The opposition party Freedom and Solidarity (SaS) filed a complaint in early May, citing suspicions of subvention fraud.
The ministry’s refusal to grant the stimulus to the company is not enough, SaS deputy Ľubomír Galko told Sme, adding that “if it is true that somebody deliberately cheated, he should bear criminal liability”.
Grandwood, as well as the ruling party Smer, argued that the company applied for the state stimulus during the term of economy minister Juraj Miškov from SaS, who green lighted the plan, Sme wrote. SaS responded that at that time the ministry gave the company a letter of acceptance because it satisfied the conditions.
Subvention fraud in Slovakia
Grandwood was not the first time the Slovak government fell for such bait, Sme wrote. In June 2006, one week before the parliamentary election, then prime minister Mikuláš Dzurinda introduced in Spišský Hrhov in eastern Slovakia the fourth most important investment in the post-revolution history of Slovak industry. The investor, Akermann, promised to build a factory for SKK16 billion (approximately €530 million) which would bring 1,000 jobs, and asked the state for stimuli worth SKK800 million (approximately €27 million). The company was supposed to produce car parts from composite materials. After some months the government realised that this was a case of attempted fraud and did not give a single crown to the company.
Fico ‘produced’ a similar embarrassment this year in Vranov nad Topľou, according to Sme.
Jobless Vranov nad Topľou
Vranov nad Topľou, like all of Prešov Region, suffers from high unemployment. In the district of Vranov nad Topľou, April’s jobless rate was 24.74 percent, the seventh worst in Slovakia, and 20.52 percent for the whole region of Prešov. April’s national jobless rate was 14.41 percent, according to the Central Office of Labour, Social Affair and Family.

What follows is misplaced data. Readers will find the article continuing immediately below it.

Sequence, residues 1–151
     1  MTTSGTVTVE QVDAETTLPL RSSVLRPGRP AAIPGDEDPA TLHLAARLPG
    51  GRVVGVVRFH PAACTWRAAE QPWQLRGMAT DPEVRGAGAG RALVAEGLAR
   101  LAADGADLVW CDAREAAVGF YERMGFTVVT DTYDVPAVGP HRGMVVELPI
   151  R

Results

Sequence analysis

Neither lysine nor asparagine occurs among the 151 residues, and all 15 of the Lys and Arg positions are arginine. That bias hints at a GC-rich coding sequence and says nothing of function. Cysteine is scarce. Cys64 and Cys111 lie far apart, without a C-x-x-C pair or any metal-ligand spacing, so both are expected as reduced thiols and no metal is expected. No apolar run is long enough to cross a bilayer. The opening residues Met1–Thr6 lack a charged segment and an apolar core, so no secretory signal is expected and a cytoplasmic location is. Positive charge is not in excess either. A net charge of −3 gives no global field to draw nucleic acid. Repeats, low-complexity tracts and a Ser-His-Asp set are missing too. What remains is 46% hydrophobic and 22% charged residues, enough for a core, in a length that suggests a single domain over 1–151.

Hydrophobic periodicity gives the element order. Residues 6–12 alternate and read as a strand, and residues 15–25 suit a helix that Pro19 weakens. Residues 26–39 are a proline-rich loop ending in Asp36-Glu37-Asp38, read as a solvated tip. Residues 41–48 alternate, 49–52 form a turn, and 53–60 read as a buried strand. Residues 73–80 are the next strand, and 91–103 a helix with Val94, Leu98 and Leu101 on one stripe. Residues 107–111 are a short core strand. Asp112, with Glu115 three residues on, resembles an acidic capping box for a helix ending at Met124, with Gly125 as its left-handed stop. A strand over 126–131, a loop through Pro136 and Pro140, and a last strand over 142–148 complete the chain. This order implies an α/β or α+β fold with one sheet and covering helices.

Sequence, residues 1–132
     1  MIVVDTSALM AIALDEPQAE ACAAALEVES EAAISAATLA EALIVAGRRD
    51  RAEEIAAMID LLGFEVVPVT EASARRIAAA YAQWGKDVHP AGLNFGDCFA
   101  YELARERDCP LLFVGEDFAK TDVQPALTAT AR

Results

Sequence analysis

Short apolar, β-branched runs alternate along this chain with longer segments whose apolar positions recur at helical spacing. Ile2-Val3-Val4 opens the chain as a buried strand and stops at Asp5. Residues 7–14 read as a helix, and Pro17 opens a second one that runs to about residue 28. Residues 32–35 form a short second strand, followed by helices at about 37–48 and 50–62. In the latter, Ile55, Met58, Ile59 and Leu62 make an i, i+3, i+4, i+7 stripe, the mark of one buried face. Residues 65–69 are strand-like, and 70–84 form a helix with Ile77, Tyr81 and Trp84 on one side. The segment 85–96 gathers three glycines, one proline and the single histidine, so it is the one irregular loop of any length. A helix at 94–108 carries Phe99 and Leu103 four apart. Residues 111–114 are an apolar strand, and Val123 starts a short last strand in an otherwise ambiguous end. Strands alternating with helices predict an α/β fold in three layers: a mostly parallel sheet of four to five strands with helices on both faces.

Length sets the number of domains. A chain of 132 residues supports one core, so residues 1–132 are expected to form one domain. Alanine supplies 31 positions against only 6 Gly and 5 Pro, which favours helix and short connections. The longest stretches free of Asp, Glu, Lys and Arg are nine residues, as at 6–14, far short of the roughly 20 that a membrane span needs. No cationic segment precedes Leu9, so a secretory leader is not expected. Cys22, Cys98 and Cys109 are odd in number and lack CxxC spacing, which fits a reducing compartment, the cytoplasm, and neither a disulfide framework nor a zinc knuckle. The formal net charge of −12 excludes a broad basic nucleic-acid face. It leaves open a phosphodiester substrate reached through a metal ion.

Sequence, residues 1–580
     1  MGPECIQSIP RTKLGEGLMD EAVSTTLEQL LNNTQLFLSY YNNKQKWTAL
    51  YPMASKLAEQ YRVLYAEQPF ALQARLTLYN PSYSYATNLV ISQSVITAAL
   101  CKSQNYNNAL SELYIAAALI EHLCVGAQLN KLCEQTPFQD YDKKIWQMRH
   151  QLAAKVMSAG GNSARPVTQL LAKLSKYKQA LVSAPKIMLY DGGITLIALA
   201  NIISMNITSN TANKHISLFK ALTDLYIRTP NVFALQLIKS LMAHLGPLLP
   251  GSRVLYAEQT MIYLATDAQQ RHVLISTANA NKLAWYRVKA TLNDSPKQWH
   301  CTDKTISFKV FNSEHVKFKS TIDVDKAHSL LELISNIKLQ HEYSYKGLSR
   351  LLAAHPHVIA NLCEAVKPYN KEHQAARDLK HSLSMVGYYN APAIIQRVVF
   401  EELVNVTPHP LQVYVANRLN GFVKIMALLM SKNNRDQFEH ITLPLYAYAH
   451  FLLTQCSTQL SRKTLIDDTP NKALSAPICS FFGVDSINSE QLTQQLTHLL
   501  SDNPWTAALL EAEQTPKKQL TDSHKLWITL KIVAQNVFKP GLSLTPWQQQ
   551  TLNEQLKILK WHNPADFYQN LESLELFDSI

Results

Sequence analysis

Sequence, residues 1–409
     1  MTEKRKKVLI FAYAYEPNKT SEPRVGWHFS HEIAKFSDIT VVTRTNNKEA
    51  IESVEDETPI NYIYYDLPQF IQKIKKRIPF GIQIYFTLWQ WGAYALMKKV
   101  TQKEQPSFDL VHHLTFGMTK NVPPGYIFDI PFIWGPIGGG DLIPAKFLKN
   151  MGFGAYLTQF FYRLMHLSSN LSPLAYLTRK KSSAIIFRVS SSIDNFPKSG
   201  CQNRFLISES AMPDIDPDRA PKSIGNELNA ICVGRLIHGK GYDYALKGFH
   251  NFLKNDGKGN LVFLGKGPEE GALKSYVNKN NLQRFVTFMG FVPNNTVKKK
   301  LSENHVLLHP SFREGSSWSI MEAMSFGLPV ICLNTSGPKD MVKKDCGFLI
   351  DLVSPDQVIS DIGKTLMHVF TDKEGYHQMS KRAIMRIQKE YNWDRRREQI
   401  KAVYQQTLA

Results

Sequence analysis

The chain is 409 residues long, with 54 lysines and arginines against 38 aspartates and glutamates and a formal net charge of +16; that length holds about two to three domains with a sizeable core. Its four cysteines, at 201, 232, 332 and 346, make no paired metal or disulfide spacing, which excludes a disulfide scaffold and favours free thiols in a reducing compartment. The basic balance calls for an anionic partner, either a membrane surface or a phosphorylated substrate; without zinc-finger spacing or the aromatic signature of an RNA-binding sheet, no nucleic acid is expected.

The town built the Ferovo industrial park with the help of EU funds, but it remains empty despite having been looking for investors for four years. The town needs investors who will bring to the park at least 700 new jobs, otherwise it will have to return the €4.3 million in EU funds which they used for the park’s construction, according to Hospodárske Noviny.
Experts see the failure to attract investors and the lack of infrastructure as behind the high unemployment in Vranov nad Topľou.
Luboš Sirota, chief executive of McROY Group, a Slovak recruitment company, says the problem with Vranov nad Topľou is that the region failed to attract investors during the investment boom 10 years ago and that nowadays it is more difficult to find investors for such regions, according to Sme.
Tibor Gregor from Klub 500, an association of companies with more than 500 employees, considers the unfinished highway across Slovakia to be a major obstacle.
“The investor will not go where it does not have a highway and has no guarantee that the truck will arrive on time and will be able to transport its products on time,” Gregor told Sme.
With press reports
24. Jun 2013 at 0:00 | Jana Liptáková